County planning officials’ crackdown on Wilson marks the third of its kind in Sonoma County. The county last October took unprecedented action against Bella Vineyards, a popular Dry Creek Valley destination for wine aficionados. At the time, county planning commissioners voted 5-0 to halt all events at the winery, including tasting in its famous hillside cave. An attorney representing the winery said Bella has stopped holding industry-wide events and wine-club events. County supervisors are expected to vote on its appeal later this year.

Prior to Bella, officials recalled only one other time in county history when such strict action was taken against a winery. The use permit for Rabbit Ridge Winery — the rogue operation that moved production to Paso Robles after a 2001 battle over permitted buildings — was revoked.

The case against the Wilsons has rekindled the fiery debate over the increasing use of rural winemaking facilities as event centers. Code enforcement officials said, however, that they don’t intend to stop all events at Wilson Winery.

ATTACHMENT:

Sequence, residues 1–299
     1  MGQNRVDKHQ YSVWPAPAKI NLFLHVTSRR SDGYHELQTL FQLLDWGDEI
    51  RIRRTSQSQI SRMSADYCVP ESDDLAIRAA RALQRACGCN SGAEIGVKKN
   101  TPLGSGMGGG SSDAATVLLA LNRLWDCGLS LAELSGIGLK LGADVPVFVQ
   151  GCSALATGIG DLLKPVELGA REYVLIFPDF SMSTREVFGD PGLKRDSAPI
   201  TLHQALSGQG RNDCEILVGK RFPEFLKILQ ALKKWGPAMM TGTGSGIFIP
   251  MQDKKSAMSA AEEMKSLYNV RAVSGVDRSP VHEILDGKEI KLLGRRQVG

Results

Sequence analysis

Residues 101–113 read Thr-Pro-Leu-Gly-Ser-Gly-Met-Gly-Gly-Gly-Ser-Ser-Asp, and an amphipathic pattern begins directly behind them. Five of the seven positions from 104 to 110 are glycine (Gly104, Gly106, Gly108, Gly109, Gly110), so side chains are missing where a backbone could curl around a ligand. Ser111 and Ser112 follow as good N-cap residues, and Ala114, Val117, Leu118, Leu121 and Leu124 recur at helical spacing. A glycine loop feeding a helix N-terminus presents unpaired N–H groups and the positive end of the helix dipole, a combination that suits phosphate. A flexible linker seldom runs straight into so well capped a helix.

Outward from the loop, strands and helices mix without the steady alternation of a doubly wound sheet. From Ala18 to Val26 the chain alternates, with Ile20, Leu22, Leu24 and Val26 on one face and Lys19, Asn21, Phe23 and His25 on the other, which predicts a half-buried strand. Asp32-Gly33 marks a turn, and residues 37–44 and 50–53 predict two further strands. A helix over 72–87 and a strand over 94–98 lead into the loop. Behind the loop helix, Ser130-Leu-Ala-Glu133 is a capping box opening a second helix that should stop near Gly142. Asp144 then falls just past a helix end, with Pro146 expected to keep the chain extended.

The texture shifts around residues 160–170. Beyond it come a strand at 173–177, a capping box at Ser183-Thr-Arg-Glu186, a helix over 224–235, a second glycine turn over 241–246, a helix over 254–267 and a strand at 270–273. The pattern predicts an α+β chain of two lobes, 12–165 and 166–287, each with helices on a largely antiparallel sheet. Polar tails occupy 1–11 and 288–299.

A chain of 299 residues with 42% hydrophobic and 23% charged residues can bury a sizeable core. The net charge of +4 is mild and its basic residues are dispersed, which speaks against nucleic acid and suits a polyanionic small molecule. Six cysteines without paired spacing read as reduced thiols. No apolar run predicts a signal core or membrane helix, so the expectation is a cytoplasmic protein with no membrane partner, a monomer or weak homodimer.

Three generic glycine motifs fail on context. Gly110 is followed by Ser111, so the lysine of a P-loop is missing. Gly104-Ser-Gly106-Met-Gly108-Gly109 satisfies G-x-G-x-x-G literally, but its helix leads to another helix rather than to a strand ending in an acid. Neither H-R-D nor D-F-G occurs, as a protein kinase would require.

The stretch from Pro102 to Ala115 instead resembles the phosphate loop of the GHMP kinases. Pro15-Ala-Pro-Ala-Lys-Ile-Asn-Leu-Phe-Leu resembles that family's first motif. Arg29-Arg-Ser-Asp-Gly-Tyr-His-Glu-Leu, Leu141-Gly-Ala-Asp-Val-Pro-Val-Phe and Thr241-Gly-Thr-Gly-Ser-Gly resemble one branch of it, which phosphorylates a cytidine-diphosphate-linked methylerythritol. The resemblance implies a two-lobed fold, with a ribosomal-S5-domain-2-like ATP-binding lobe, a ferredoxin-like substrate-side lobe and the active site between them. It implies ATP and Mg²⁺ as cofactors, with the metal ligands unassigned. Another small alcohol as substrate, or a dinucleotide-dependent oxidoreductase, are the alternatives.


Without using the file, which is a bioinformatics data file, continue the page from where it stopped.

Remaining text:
“They’d still be allowed to participate in industrywide events,” said Ben Neuman, a county building and safety manager, noting that the Wilsons would still be able to allow people in for popular wine industry gatherings such as barrel tasting and passport weekend that already draw substantial crowds to the area. “We just want them to stop the weddings and other large events. They’ve crossed the line into becoming an event center.”

The outcome, however, is on hold until June 24, when an administrative hearing officer will hear Wilson’s appeal.

“We’re not asking them to shut down the winery or tasting room, just to stop the unlawful events, but it’s up to the hearing officer to determine the outcome now,” Neuman said. “If they find that Wilson Winery is in violation, they’d be responsible for determining the consequences, but that could include civil penalties or something else — maybe going back to the Board of Zoning Adjustments to ask for events.”

Wilson plans to make his case later this month that holding special events at wineries “wasn’t an issue” until the past four years, he said. Wilson said he holds about 12 events a year at Wilson Winery, which he said he sees as a critical component in marketing wines directly to consumers, and for his bottom line.

Wilson said he hopes his appeal will establish a standard for special events at wineries.